Members of Holy Ground project seek to improve their communities
September 1, 2009 4:00 AM
The Rev. David Thornton, center, pastor of Grace Memorial United Presbyterian Church, signs hymns while leading members of the congregation and members of Pittsburgh government on a tour up Iowa Street in the Upper Hill District, where stop signs and repairs are needed.
By Ann Rodgers Pittsburgh Post-Gazette
It was a perfect summer evening for a stroll, but the 100 people who made a circuit of Schenley Heights last night weren't seeking the stunning view from Sugar Top, which crowns the neighborhood in the Upper Hill District.
They gathered at a section of collapsed sidewalk, which exposed a gaping storm drain. Plywood placed over it had also shattered.
Earlier, at a Holy Ground campaign meeting inside nearby Grace Memorial Presbyterian Church, church member Connie Bethel put Michael Kenney, director of the Pittsburgh Water and Sewer Authority, on the spot about the hole that was large enough to swallow a child. In the packed church hall, she demanded to know if he would make sure that the drain was repaired before October.
"Yes," Mr. Kenney answered, to applause and cheers.
Holy Ground is a project of the Pittsburgh Interfaith Impact Network, a coalition of congregations seeking to better their communities. The initiative provides training for congregations to identify serious problems in their neighborhood and then to do the work required to solve those problems.
Grace Memorial sits at the height of Sugar Top, which was historically the home of the city's most prosperous black residents. Some of that glory is still visible in stately homes of brick or Victorian gingerbread. But even the best streets are marred by boarded up, abandoned houses and empty lots with enough overgrowth to hide a crime scene. Drug dealers and other criminals have invaded, making it hard to attract stable residents.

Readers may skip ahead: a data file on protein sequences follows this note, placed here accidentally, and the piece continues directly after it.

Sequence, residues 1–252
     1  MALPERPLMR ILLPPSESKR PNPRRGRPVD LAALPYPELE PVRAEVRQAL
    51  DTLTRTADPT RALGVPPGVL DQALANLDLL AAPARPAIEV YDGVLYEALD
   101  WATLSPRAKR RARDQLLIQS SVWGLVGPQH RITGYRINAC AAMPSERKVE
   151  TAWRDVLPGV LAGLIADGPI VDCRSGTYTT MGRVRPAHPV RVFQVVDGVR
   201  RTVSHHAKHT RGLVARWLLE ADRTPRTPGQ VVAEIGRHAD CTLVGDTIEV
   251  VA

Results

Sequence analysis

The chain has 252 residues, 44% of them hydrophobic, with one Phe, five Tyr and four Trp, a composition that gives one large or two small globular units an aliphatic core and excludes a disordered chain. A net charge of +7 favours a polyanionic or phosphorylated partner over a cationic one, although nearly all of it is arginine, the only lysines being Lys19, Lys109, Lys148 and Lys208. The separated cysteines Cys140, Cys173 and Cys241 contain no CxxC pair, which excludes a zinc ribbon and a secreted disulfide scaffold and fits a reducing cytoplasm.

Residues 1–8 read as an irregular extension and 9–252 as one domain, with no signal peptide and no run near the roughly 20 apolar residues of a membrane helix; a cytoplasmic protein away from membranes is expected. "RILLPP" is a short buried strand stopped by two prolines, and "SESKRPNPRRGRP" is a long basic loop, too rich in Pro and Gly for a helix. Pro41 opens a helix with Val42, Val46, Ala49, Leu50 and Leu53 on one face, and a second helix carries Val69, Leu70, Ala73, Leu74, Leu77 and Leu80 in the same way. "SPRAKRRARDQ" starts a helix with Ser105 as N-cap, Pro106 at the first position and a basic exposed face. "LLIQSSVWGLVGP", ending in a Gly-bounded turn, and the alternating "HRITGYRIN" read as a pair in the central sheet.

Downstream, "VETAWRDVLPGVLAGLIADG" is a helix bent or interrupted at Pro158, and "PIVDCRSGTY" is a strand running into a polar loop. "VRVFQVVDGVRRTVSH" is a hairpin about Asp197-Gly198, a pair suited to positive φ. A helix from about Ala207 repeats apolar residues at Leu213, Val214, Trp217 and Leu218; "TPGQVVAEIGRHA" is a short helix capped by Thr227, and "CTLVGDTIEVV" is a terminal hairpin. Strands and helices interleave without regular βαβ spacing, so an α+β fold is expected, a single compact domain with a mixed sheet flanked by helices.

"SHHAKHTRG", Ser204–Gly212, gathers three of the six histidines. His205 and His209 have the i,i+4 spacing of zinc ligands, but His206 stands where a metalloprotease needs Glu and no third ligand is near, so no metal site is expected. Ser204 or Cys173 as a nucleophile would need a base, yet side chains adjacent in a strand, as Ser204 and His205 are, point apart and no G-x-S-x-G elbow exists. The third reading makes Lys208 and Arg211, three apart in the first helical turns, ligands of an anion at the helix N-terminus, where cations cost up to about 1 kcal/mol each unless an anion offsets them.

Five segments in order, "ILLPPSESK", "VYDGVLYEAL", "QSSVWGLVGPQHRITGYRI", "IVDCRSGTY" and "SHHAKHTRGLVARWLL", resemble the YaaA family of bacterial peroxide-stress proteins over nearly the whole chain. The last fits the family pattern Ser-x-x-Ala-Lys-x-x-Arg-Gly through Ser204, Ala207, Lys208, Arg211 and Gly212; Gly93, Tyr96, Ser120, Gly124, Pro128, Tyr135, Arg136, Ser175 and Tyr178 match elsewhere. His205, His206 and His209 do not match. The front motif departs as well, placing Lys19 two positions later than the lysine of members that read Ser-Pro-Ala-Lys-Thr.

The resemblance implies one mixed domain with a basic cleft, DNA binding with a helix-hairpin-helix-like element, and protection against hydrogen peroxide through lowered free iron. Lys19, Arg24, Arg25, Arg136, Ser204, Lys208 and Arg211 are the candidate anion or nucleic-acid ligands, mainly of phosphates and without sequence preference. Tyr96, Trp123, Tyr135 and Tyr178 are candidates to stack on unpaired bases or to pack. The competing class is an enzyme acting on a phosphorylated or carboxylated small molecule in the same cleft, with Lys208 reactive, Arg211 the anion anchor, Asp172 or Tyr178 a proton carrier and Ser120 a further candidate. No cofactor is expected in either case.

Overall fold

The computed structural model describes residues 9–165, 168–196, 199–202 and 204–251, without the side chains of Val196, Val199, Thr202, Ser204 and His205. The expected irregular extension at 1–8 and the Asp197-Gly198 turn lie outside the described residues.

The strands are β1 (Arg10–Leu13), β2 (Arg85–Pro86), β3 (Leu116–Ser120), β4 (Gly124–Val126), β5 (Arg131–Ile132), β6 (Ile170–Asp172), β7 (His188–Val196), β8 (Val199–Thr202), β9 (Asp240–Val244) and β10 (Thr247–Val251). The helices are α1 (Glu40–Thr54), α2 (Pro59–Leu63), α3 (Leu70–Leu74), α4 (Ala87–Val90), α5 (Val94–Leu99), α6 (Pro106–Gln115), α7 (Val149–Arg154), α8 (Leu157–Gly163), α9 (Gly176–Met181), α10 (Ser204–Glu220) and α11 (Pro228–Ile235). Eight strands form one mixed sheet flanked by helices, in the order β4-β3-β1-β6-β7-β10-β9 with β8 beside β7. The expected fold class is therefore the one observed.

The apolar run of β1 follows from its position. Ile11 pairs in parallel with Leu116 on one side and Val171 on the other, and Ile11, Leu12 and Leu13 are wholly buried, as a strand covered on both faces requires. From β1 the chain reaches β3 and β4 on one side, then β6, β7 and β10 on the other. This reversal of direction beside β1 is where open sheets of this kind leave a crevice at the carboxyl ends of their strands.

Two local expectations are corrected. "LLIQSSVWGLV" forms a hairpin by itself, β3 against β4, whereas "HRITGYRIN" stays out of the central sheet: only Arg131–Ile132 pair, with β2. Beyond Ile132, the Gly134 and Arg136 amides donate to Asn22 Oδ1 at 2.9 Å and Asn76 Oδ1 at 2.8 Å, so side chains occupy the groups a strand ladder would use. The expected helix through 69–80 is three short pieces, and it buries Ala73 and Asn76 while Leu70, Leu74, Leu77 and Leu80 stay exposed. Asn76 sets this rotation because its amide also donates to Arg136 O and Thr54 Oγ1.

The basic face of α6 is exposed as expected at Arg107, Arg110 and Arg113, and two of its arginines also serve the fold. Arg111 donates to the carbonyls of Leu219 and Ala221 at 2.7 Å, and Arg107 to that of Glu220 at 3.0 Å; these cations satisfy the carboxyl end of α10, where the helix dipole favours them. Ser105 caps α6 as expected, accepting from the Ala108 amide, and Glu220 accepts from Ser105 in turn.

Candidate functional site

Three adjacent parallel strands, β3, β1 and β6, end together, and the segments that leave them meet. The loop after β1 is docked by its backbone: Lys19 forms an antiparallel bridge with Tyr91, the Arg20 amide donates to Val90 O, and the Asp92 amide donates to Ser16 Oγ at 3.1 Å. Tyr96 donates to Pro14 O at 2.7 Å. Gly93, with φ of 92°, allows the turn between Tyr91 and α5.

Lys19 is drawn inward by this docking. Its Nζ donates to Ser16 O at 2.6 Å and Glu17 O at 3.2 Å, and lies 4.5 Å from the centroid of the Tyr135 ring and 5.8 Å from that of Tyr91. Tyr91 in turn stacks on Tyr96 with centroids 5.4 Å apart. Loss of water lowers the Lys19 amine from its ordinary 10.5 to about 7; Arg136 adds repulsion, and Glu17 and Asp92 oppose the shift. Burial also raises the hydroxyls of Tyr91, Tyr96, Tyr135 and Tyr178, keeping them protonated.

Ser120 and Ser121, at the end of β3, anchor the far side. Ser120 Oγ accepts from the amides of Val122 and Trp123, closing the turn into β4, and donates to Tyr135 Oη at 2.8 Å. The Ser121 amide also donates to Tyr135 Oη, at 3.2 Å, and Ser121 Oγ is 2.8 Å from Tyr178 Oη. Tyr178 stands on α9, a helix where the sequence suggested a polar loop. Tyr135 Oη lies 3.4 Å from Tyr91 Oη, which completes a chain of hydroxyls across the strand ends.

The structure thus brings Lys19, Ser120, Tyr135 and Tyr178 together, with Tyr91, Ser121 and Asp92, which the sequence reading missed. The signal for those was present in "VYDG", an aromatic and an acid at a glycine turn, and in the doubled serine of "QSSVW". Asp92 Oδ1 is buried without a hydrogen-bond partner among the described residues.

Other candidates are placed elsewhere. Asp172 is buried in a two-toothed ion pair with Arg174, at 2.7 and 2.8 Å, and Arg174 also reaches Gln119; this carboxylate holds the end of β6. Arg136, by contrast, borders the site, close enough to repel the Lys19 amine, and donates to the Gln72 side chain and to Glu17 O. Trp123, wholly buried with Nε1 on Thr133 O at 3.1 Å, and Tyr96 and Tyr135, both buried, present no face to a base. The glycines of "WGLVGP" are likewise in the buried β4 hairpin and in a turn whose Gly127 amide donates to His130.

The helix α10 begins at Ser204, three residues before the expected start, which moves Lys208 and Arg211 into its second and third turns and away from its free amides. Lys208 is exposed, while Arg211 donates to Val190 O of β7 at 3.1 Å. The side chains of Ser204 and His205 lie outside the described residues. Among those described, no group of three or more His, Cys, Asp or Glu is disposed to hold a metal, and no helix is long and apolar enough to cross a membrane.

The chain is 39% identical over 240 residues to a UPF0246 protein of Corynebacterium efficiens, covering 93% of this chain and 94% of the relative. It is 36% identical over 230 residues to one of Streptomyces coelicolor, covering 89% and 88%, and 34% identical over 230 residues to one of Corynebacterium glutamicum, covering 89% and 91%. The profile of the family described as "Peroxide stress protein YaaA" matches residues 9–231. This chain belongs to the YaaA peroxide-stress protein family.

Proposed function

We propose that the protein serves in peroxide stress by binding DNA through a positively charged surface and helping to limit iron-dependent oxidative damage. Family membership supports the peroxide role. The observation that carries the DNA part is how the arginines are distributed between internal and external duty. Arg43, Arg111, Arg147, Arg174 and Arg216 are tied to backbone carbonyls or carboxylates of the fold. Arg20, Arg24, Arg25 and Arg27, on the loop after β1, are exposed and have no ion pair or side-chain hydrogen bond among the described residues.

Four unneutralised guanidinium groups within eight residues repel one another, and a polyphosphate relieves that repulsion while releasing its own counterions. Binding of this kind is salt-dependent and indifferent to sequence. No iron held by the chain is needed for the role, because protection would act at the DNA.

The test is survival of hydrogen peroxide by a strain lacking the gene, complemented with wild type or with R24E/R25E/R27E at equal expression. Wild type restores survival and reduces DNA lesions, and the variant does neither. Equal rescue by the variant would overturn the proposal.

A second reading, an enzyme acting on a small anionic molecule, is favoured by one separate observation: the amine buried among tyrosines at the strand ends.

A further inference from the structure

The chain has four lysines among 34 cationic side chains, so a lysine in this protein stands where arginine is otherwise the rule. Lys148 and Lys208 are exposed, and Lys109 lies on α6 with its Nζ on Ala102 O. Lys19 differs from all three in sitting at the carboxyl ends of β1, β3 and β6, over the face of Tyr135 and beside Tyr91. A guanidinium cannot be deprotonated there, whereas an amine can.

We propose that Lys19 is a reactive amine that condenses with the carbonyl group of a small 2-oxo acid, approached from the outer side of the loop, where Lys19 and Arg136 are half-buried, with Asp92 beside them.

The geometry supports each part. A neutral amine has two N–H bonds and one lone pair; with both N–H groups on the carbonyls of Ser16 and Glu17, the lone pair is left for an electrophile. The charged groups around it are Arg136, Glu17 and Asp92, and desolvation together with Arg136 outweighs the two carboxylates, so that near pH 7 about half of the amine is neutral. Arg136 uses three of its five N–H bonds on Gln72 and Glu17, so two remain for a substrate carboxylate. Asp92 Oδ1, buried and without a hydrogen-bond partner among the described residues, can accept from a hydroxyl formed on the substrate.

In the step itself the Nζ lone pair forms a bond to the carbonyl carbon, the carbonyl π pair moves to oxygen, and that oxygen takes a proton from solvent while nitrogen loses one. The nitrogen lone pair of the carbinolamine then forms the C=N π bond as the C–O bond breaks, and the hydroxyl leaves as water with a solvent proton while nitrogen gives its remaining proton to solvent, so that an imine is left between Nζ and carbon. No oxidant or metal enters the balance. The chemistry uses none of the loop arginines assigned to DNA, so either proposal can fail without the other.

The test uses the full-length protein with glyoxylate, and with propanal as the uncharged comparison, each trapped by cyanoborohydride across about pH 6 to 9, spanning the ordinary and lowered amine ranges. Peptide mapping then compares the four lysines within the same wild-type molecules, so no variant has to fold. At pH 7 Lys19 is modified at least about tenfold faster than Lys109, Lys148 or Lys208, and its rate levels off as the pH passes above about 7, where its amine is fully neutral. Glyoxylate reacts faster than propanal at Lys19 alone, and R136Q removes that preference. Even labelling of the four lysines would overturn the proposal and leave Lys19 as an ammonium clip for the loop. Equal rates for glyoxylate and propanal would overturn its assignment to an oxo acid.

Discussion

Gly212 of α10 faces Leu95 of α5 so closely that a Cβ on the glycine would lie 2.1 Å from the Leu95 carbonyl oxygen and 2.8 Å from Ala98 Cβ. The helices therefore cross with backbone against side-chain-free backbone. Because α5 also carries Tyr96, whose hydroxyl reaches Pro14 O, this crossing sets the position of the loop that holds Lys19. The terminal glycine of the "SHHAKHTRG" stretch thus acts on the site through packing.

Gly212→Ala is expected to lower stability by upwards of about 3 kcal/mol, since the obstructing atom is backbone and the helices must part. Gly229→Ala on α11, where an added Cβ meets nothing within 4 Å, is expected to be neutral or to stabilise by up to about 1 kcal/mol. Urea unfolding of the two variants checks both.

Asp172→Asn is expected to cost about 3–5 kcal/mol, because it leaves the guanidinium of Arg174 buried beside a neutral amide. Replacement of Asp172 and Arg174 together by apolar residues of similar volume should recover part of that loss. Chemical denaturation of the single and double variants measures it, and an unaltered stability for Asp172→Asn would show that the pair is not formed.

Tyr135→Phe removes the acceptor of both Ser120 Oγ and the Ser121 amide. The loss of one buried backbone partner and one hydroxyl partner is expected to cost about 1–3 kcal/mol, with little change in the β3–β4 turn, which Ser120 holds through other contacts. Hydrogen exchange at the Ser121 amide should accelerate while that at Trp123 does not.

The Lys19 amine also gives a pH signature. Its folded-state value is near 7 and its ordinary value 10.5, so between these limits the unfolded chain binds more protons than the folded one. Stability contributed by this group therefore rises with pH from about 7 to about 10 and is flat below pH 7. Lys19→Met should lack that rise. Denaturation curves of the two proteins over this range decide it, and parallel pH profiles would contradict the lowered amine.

Church members canvassed the neighborhood to identify problems, including the storm drains, missing stop signs and abandoned lots and houses. They have already begun conversations with three city departments that all sent representatives to last night's public meeting.
Local residents "want to restore the village atmosphere, where people really care for one another, as opposed to being fearful of drug or gang activity," said the Rev. David Thornton, pastor of Grace Memorial.
"What is the difference between Shadyside and other neighborhoods? Abandoned properties," said Hillard Jordan III, a Schenley Heights resident who addressed the meeting.
He pressed Sergei Matveiev, director of the Department of Building Inspection, on a list of properties that Holy Ground wants to see boarded securely or demolished by Oct. 15. The group applauded when Mr. Matveiev said that a contract had already been awarded for the demolition of the worst offender. He promised to notify the Redd-Up task force in the Department of Public Works about the ones that needed to be boarded up.
The informal parade of activists filled a city block as they toured the neighborhood, singing gospel songs.
At the corner of Anaheim and Camp streets, Victoria Gardner stood outside her tidy brick house with hanging baskets of flowers on the porch, and pointed to garbage dumped from an abandoned house next door. It blocked her front steps. Both she and her elderly mother are lifelong residents of the community but are ready to give up on it, she said.
"No one is encouraging these children to clean up for themselves except us, and then we become targets of eggs," she said. "When my mother purchased this place 12 years ago, it was with the understanding that the Urban Redevelopment Authority was going to do development in the neighborhood. It's been 12 years and there's been no development. There's been deterioration."